' Draw the grid lines (only the right and bottom lines;
            ' DataGridView takes care of the others).
            objDataGridViewCellPaintingEventArgs.Graphics.DrawLine(gridLinePen, objDataGridViewCellPaintingEventArgs.CellBounds.Left, _
                objDataGridViewCellPaintingEventArgs.CellBounds.Bottom - 1, objDataGridViewCellPaintingEventArgs.CellBounds.Right - 1, _
                objDataGridViewCellPaintingEventArgs.CellBounds.Bottom - 1)
            objDataGridViewCellPaintingEventArgs.Graphics.DrawLine(gridLinePen, objDataGridViewCellPaintingEventArgs.CellBounds.Right - 1, _
                objDataGridViewCellPaintingEventArgs.CellBounds.Top, objDataGridViewCellPaintingEventArgs.CellBounds.Right - 1, _

            ' Draw the inset highlight box.
            '  objDataGridViewCellPaintingEventArgs.Graphics.DrawRectangle(Pens.Blue, newRect)

            ' Draw the text content of the cell, ignoring alignment.
            If Not (objDataGridViewCellPaintingEventArgs.Value Is Nothing) Then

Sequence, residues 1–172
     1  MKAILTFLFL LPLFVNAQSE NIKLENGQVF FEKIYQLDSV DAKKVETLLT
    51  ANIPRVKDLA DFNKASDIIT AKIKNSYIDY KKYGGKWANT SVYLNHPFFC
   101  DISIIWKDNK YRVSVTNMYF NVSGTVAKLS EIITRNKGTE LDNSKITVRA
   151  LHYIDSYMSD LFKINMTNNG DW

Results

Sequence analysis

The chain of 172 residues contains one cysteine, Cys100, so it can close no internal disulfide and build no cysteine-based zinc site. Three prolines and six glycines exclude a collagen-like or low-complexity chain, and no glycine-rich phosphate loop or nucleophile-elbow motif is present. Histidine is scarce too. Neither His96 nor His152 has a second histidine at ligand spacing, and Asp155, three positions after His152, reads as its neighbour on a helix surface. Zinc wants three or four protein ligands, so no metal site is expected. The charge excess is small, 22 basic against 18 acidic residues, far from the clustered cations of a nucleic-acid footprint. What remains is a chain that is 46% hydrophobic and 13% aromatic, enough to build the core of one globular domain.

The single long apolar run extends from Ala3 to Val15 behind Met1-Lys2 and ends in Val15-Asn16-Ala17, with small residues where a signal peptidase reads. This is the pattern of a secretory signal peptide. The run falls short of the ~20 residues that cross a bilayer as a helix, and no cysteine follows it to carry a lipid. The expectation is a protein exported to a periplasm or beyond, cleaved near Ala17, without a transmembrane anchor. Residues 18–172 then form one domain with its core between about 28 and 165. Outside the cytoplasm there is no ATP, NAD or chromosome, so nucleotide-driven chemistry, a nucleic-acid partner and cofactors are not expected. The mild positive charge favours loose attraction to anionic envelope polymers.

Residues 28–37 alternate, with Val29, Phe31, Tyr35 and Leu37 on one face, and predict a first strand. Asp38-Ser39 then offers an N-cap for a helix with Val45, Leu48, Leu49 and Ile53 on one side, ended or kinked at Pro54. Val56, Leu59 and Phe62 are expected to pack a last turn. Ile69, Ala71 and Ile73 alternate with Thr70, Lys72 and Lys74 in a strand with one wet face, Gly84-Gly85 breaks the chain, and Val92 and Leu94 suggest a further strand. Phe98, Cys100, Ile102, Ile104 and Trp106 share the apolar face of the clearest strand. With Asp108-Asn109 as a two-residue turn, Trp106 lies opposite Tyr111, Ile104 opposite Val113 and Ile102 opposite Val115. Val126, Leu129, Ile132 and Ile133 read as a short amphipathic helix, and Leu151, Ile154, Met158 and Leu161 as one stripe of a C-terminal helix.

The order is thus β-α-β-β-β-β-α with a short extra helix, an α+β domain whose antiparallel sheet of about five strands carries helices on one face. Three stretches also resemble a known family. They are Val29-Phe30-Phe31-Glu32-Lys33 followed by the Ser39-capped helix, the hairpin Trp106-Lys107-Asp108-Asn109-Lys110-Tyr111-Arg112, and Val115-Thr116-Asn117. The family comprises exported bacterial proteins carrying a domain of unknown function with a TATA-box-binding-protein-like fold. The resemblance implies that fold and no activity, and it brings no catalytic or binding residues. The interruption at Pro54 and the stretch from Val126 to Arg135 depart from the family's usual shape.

objDataGridViewCellPaintingEventArgs.Graphics.DrawString(TextToDraw, objDataGridViewCellPaintingEventArgs.CellStyle.Font, _
                Brushes.Black, objDataGridViewCellPaintingEventArgs.CellBounds.X + 2, objDataGridViewCellPaintingEventArgs.CellBounds.Y + 2, _
            End If
            objDataGridViewCellPaintingEventArgs.Handled = True

        End Try
    End Sub

In this example i just paint the word 'Hold' where the cell contains 'H' but you could easily change this for your purposes...

lojk.Net and Infrastructure ConsultantCommented:
kudos to the original sample i built that up from, cant remember where it was now...
tmostadAuthor Commented:
I think this example is pretty close but not close enough to answer my main question which is how do I change the background color at the character level. This shows painting the cell background color which I know how to do but cannot find a property to set the background color of a character. Perhaps I don't understand the example well enough and someone needs to simply point out what I am missing. Thanks.
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tmostadAuthor Commented:
I reread my original questions and I didn't articulate the the green block and the X with the red background are in the same cell. Maybe this makes the question clearer?
lojk.Net and Infrastructure ConsultantCommented:
you just need to paint what you need onto the cell - you have the cell bounds and you need a brush and...

Im not sure what you mean by 'background color at the character level'. To me that is just the layer of pixels drawn before the text is drawn on top- you just need to draw 2 coloured boxes then drawtext the text on top..